By Robyn Carter
I was implanted back in 1993. I was the 8th adult in New Zealand to receive the implant. As there were not many others and no support group back then, I started looking online for some hearing loss/cochlear implant support groups to join. I also was the editor of our NZ Cochlear Implant Newsletter so I was looking for articles to share to our recipients and would-be recipients here in New Zealand.
I found Bob’s email first. Bob had written an article for the Adult Late Deafened Association about faking it, when you don’t really hear something, but are too embarrassed to admit it, or too tired so you nod your head, laugh and pretend you knew anyway. This article resonated with me as I was such a good faker. So when I found Bob’s email address, I flicked him an email to tell him how much I enjoyed his article. The result of this was that he just subscribed me to the SWC. That was in 1995. And I’m still here.
There was only one email list back then – SWCForum. It was a busy list full of controversial conversation, often heated, often hilarious, and from there I forged many friends – many whom are still my friends today. Some of them are long gone from SWC, but there’s a good many still on the listserv with me today.
The list enabled us to converse like we never had before. We could write our feelings, what was happening, we were lifted when we were down, and in turn shared our experiences so that others may grow. There were fights, indignation, jokes, laughter and sometimes even tears, but most of all there was acceptance. It’s the feeling that we have finally found a niche where we could be what we were without fear of ridicule for being hard of hearing.
Cochlear implant technology
I was the only one with a cochlear implant back then, and I was careful not to emphasise it too much as many people were still very anti-implants. Gradually, I watched people accept the technology and embrace it. I’ve seen many who swore they never would get one, actually have one now. I chuckle quietly, but secretly I’m thrilled the gift of hearing is somewhat restored, so they can enjoy life again. I feel overjoyed that this hasn’t meant that they left SWC. In fact most stayed, and the list is richer for the experiences they share.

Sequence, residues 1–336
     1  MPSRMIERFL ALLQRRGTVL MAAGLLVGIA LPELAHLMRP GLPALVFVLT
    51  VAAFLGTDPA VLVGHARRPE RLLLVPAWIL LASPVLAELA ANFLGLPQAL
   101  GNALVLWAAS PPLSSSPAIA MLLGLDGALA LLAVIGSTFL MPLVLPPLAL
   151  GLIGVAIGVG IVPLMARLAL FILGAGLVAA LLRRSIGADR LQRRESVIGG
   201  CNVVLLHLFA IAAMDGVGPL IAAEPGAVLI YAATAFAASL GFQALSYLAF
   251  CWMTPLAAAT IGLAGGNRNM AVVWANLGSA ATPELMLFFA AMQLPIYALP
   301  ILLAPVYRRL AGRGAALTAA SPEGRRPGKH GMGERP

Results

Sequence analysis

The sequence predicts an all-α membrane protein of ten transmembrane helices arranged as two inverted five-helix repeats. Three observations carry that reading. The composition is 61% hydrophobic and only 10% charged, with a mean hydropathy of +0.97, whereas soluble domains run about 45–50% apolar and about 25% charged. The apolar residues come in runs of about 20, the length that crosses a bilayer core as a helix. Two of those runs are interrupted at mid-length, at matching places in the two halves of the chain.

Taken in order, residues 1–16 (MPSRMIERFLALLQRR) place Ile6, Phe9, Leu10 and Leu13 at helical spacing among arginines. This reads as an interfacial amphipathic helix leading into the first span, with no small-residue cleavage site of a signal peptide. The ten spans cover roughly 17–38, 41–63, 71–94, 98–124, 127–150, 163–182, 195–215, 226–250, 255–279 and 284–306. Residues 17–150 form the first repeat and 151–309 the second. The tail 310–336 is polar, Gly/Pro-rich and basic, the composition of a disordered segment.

I’ve watched the list grow – from a single list – SWCForum, to six lists! We also offer three Facebook pages, a blog, and we even have a twitter account somewhere! Each list has different personalities, even though we all have hearing loss in common.
SayWhatClub Leadership opportunities
SayWhatClub is now an incorporated society run by volunteers. At the top we have the Board of Directors who meet monthly and take responsibility for the club’s growth, putting in place improvements and try and keep up with the ever changing technology over the years.
Our committees ensure the smooth daily running of the organisation. They manage the website, welcom new members, and ensure the lists don’t stagnate. Another committee is for organising our yearly conventions.
We have a convention every year in a different part of America each time. These involve workshops, socialising, and loads of fun. You get to meet in person the people you’ve been talking to for years. I’ve been very lucky to attend three of these – one in Philadelphia, one in San Antonio, and one in Boise, Idaho. The friendships that I forged over the years, are now cemented in person.
SayWhatClub’s International presence
SWCers come from all over the world. We have USA and Canadian members, and also Australia, Netherlands, Finland, the UK, and India to name but a few. We are a diverse group, from different backgrounds, different religions, but our hearing loss binds us together.
SWC for me helped me grow as a person. It gave me opportunities that I never would have been given otherwise, and helped my confidence. SWC taught me patience. It taught me about American Politics (although I’m not sure I’m richer for that!). The SayWhatClub taught me about different cultures. Most of all, it taught me that valuable friendships can made across oceans, across cultural divides, across political divides, and no matter what we say – we’re still friends.
It’s now 2017. I’ve now been a member of the SWC for 22 years. I’m still here. My implant is now 24 years old and I’m starting to feel old!
You can also join our Facebook Groups, we have two – one for people between 18 and 40, SWC Gen-Y. The other for everyone, Say What Club, Friends With Hearing Loss. We also have a public Facebook page, SayWhatClub, A Worldwide Forum for People with Hearing Loss where we share many hearing loss-related articles, videos, news items, and useable information.